Redwoods in Stout Grove

Roosevelt Elk at the Redwood Coast

A Few Places to Look

Continued from: Largest Coast Redwoods

Copyright 2015 by Mario Vaden


The creature in the photo is a male Roosevelt Elk. The species is the largest of the sub-species found in the United States. The herds are found up and down the Pacific Coast. These Elk can reach weights of 500 to 1200 pounds. Larger than a black bear. But it seems more caution should be exhibited around the Elk than with the bears. Bears often scram when people were around. But the Elk tend to hold their ground and can get irritated easily sometimes. They are worth finding. Usually its not hard to figure out what a safe distance is. They give body language clues like starting to ignore you if they feel you are far enough away. If you get too close, they may stand up, keep staring, or even walk toward you. If you want to know all the habits and stuff, I will let you research that part.

Mainly, I hope to offer some suggestions where you can see them, or ask.

1. Elk Prairie at Praiire Creek Redwoods State Park, Drury Scenic Pkwy., north of Orick. The grassy area is wide open. Look distant all the way back to the forest line. They may stand or you can look for antlers if they are resting. I've seen them as deep as a mile into the redwoods on a hiking trail, but the grassland is best to go looking for some.

2. Elk Meadow north of Orick, where Davison Rd. meets Hy. 101. Plenty of parking. Marked with signs.

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Roosevelt Elk at the Coast Redwood Forest


3. Gold Bluffs Beach. North of Orick, take Davison Rd. 4 to 6 miles to Gold Bluffs Beach area. Roosevelt Elk could be anywhere along there. This is the route to Fern Canyon if you choose to visit it.

4. Between Orick and Bald Hills Rd. where Redwood Creek bends near Hy. 101. You may see elk down by the river. Or, turn down Bald HIlls Rd. for a moment and hang a right turn to the lane and parking for Redwood Creek trail. Elk may be along the stretch of trail between the trailhead and river.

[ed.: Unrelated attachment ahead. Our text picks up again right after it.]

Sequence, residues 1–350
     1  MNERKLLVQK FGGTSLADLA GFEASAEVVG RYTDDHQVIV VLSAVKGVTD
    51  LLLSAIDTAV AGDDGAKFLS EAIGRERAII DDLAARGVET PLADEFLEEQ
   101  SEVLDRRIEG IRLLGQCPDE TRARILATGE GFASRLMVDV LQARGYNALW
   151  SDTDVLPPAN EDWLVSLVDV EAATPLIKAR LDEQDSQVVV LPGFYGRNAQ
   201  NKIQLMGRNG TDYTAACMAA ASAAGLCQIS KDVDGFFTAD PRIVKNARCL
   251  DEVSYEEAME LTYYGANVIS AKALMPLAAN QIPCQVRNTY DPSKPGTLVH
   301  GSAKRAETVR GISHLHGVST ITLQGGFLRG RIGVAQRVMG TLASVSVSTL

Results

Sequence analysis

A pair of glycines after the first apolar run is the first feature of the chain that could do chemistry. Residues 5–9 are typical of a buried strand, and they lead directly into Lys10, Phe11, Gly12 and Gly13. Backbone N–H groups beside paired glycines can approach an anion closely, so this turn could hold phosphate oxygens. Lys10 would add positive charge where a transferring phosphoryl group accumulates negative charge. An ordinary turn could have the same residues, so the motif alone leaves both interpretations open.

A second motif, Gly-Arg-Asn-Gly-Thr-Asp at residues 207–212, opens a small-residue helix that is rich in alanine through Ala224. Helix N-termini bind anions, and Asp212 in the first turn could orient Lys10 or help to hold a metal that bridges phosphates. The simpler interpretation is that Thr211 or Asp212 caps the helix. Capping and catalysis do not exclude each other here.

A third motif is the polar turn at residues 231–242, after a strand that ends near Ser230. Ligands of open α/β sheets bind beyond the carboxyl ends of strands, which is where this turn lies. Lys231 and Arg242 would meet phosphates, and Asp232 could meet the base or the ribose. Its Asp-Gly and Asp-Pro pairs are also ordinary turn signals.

5. Stone Lagoon / Hy. 101. You may see a Little Red School House and Elk Country RV park. Elk are frequently seen here along Hy. 101. It is between Orick and Trinidad.

6. Crescent City ... they may be harder to find here. If you needed a hint, you might ask the morning crew at the Curly Redwood Lodge Motel for a lead, or see if the Redwoods National Park visitor center may know where to look. It seems easier to spot herds down in Humboldt county, but Roosevelt Elk certainly live up in Del Norte county too. One of the largest I have seen was near the casino in the Howland HIll Rd. x Elk Valley Rd. area.

Elk Meadow Cabins, north Orick, or Redwood National Parks Kuchel visitor center, south Orick, are good places to inquire about where to find elk.

Traveling between Eureka and Crescent City, its not hard to find Elk. It may not be easy some days. But I spot a couple Elk or a herd about 75% of the time when just casually driving around.


Seasonal change

Males shed antlers February to March. Calves are born around May and June. Male antlers are fully grown by August. And rutting & breeding season is August to September. Males are very "on-edge" that time of year and should be give lots of space. Best to take photos from twice the distance as other months. They do not hibernate and can be found along the redwood coast all year.


As mentioned, I will let you research the lion's share. But I encourage you to read more. There is an interesting history. When explorer Jedediah Smith arrived around 1828 near Crescent City, he documented the effectiveness of native American Indian tribe pit traps for Elk, because his men's horses fell into some. As the "white" population grew, the Elk population diminished to as few as a single herd of 25 Elk in the Prairie Creek Redwoods State Park area. The numbers have recovered a lot.